Olfa SAIDANE1, Leila GAFSI2, Aicha Ben TEKAYA1, Ines MAHMOUD1, Rawdha TEKAYA1, Leila ABDELMOULA1

1Department of Rheumatology, Charles Nicolle Hospital, Tunis, Tunisia
2Department of Rheumatology, Polyclinic El Omrane, Tunis, Tunisia

Keywords: Joints, rheumatoid arthritis, risk factors, surgery, Tunisian


Objectives: This study aims to assess the prevalence of joint surgery in Tunisian patients with rheumatoid arthritis (RA) and to determine the risk factors of surgical treatment.

Patients and methods: This retrospective cross-sectional study was performed over a period of 15 years between January 2000 and December 2014 and included 500 Tunisian patients with RA (78 males, 422 females; mean age 53.4 years; range, 21 to 83 years). The prevalence of joint surgery indication was evaluated. Clinical, paraclinical and therapeutic characteristics of RA were compared according to the need of surgery.

Results: Female to male ratio was 5. The indication of joint surgery was noted in 59 patients (12%). Knee joint surgery was the most performed surgical procedure (56% of surgical treatment). A decrease in surgery prevalence from 30% in 2004 to 4% in 2013 was noted. Statistical study showed that factors associated with joint surgery were: delayed diagnosis (p=0.037), long RA duration (p=0.017), young onset of RA (p<0.001), presence of joint deformities (p=0.034), presence of osteoporosis (p=0.029), presence of antinuclear antibodies (p<0.001), combination therapy of methotrexate with other conventional synthetic disease-modifying anti-rheumatic drugs (csDMARDs) (p=0.001), short period of first medical treatment (p=0.012) and high erythrocyte sedimentation rate (ESR) (p=0.027). In multivariate analysis, three factors were independently related to the use of joint surgery: age at disease onset [odds ratio (OR): 2.799 95% confidence interval (CI): 1.49-5.22; p=0.01], high ESR level (OR: 2.807 95% CI: 1.5-5.24; p=0.01) and association of methotrexate with other csDMARDs (OR: 3.500 95% CI: 1.61-7.56; p=0.01).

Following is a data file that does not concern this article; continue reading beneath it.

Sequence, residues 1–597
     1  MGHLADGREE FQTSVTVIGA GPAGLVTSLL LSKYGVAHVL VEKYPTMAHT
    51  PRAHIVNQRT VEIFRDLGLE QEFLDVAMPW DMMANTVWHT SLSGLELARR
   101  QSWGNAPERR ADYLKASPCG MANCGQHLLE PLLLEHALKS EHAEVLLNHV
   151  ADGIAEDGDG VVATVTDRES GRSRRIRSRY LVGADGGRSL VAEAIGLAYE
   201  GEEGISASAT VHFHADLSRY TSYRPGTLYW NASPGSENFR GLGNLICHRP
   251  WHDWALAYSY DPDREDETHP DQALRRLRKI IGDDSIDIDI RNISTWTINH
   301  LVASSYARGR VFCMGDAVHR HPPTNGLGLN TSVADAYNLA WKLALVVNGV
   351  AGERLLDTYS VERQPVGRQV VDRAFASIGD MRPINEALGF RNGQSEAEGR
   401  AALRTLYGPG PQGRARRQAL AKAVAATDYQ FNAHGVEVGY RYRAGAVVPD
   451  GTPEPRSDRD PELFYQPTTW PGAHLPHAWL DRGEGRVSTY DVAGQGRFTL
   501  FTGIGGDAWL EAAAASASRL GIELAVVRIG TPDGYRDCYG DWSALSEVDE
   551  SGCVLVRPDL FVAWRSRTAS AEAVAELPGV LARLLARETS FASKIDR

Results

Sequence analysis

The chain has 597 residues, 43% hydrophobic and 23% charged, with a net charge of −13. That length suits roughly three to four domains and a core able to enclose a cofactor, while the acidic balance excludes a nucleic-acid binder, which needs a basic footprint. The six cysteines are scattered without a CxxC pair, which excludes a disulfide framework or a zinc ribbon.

Conclusion: Twelve percent of RA patients needed joint surgical treatment. Predictive factors of surgery were age at disease onset, high ESR level and association of methotrexate with other csDMARDs.